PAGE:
Skip to main content
ARS Home » Pacific West Area » Wapato, Washington » Temperate Tree Fruit and Vegetable Research » Research » Publications at this Location » Publication #348676

Research Project: New Technologies and Strategies to Manage the Changing Pest Complex on Temperate Fruit Trees

Location: Temperate Tree Fruit and Vegetable Research

Title: Observations on the life history and ecology of Clubiona pacifica Banks in Washington State (Araneae Clubionidae)

item MILICZKY, EUGENE - Washington State University
item Horton, David
item WATERS, TIMOTHY - Washington State University
item WOHLEB, CARRIE - Washington State University

Submitted to: Journal of Arachnology
Publication Type: Peer Reviewed Journal
Publication Acceptance Date: 1/20/2020
Publication Date: 6/17/2020
Citation: Miliczky, E., Horton, D.R., Waters, T., Wohleb, C. 2020. Observations on the life history and ecology of Clubiona pacifica Banks in Washington State (Araneae Clubionidae). Journal of Arachnology. 48(1):49-50.

Interpretive Summary: Several kinds of leafrolling caterpillars are pests in Pacific Northwest apple and pear orchards and can cause significant damage by feeding on the fruit. Scientists with USDA-ARS, Yakima Agricultural Research Laboratory, Wapato, WA in cooperation with scientists at Washington State University, Pasco, WA and Moses Lake, WA, studied the life history of the sac spider Clubiona pacifica, a common spider in riparian areas that often utilizes leaves rolled by such caterpillars as protected sites in which they shed their skins, spend inactive periods, and possibly feed on insects found in the leafrolls including the caterpillars themselves. A series of experiments conducted in the greenhouse under semi-natural conditions showed that most of the spiders used in the experiments fed on pest leafrollers and that adult female spiders can be particularly voracious. In another series of experiments a few spiders fed on leafroller egg masses while many others fed on the tiny, recently hatched caterpillars. Introduction of this spider into orchards or promoting its presence where it already exists may contribute to natural control of pest leafrollers and other orchard pests and reduce the need for insecticide use.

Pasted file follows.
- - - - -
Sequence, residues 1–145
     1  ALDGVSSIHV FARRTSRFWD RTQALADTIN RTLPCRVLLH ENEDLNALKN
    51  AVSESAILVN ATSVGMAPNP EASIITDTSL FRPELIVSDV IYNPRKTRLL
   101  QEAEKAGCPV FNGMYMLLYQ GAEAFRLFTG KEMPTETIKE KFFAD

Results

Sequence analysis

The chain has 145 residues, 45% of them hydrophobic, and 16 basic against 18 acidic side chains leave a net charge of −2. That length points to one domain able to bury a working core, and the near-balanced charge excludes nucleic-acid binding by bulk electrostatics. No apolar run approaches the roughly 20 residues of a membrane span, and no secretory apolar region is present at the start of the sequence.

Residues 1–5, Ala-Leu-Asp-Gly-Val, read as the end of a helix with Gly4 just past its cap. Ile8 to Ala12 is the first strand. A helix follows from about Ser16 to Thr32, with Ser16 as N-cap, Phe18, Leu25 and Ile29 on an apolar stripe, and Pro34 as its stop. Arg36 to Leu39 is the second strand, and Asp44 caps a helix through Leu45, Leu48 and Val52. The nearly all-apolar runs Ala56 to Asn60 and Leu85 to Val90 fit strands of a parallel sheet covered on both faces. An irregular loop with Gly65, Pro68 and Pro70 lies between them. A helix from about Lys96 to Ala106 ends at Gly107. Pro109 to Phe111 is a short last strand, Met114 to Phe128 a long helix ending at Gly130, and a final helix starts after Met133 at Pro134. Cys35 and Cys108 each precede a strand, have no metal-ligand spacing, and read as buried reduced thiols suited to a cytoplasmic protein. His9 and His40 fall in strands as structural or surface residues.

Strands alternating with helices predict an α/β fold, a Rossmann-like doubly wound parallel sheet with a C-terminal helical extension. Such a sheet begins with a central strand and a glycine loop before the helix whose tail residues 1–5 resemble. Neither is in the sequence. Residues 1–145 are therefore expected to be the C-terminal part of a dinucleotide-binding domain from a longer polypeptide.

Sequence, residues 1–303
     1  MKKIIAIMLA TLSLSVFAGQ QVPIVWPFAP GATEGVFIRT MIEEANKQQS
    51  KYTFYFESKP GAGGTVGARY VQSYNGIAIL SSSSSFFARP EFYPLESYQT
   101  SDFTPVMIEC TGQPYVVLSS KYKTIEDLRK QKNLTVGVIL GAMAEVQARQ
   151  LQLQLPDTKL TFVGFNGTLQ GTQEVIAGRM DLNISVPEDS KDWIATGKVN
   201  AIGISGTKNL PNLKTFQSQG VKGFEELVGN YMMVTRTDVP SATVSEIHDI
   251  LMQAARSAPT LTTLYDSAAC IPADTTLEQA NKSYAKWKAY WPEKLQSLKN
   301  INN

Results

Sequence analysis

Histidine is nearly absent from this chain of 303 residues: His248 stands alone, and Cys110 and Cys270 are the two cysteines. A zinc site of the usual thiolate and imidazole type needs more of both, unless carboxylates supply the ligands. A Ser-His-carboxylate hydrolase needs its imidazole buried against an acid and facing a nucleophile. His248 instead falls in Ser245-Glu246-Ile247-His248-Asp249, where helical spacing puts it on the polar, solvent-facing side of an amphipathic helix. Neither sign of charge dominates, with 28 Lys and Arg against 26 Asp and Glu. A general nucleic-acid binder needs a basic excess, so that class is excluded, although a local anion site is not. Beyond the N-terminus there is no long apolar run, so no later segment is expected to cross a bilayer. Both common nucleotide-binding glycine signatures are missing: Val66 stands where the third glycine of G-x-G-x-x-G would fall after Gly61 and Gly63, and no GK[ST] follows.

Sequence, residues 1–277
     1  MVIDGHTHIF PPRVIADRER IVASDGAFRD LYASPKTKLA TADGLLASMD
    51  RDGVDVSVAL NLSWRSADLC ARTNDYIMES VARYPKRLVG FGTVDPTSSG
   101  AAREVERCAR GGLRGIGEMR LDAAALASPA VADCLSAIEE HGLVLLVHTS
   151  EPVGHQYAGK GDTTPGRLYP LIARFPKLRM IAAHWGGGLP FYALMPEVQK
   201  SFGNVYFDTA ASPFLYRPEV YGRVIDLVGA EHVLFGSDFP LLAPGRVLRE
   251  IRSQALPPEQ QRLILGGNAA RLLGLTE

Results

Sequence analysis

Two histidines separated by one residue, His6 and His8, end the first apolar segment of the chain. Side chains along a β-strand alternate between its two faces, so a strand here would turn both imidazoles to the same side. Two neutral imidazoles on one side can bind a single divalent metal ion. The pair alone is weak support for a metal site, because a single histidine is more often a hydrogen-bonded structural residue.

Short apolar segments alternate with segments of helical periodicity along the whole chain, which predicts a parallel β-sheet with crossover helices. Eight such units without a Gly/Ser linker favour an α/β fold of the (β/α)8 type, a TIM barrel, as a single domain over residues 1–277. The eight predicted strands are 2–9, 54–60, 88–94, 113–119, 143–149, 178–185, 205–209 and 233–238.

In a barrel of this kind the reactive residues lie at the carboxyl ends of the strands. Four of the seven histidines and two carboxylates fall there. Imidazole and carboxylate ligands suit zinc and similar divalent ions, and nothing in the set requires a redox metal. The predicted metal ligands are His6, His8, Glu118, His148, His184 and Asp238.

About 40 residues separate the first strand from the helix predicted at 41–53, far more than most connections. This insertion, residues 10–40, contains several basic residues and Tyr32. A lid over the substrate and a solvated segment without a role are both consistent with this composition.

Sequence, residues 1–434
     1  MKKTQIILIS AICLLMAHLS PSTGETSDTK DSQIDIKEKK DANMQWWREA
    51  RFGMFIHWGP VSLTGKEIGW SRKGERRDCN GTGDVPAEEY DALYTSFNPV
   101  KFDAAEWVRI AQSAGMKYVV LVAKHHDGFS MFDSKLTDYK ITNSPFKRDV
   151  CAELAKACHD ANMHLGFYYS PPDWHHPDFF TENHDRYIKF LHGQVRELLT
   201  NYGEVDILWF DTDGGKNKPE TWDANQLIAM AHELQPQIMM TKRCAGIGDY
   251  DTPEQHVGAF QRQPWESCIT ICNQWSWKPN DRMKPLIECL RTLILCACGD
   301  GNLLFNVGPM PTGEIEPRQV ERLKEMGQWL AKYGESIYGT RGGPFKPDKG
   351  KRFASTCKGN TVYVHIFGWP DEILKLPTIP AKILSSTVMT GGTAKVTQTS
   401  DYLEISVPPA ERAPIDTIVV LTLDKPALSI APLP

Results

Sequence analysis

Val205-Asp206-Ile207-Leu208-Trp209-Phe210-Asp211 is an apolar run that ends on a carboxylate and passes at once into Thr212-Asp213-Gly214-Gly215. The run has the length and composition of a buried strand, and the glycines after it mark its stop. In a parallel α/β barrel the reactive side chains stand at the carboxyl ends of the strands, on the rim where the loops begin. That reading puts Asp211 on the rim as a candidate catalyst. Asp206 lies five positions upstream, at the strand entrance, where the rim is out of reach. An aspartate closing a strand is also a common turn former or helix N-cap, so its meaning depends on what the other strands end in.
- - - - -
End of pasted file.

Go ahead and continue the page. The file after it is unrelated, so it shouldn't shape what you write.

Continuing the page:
Technical Abstract: We studied aspects of the ecology and life history of the sac spider Clubiona pacifica Banks 1896 in the region east of Mount Rainier National Park in Washington State. Clubiona pacifica has been shown to be a common secondary occupant of lepidopteran leafrolls on alders (Alnus spp.), and examining rolled leaves was found to be an effective way to collect the spider. We collected and examined rolled leaves of alder to determine seasonal phenology of C. pacifica and to examine egg laying and predatory activity. All stages of the spider occurred in rolled leaves, and spiders were found in rolled leaves throughout the season. Rolled alder leaves were used by C. pacifica as protected sites in which to molt and spend inactive periods and possibly to seek prey among the wide variety of secondary arthropod colonists of the leafrolls. Field observations and greenhouse experiments showed that C. pacifica is capable of preying upon leafroller larvae. Occasionally, lepidopteran leafrolls were used by C. pacifica as ready-made chambers in which to oviposit, but more commonly the female spider herself folded an alder leaf to form a protective retreat for oviposition. These egg sac retreats and the associated egg sac are described and illustrated. After eclosion C. pacifica passes through a prelarval stage, a larval stage, and six nymphal stages before reaching adulthood. The principal period of reproduction and egg deposition is June and July, and most post-larval stages of C. pacifica appear to overwinter. We postulate that some individuals require two years to complete their life cycle although others may do so in a shorter time. Three ichneumonid wasps parasitized C. pacifica: Gelis sp. attacked the eggs, while Schizopyga frigida and Zaglyptus varipes parasitized immature and adult spiders.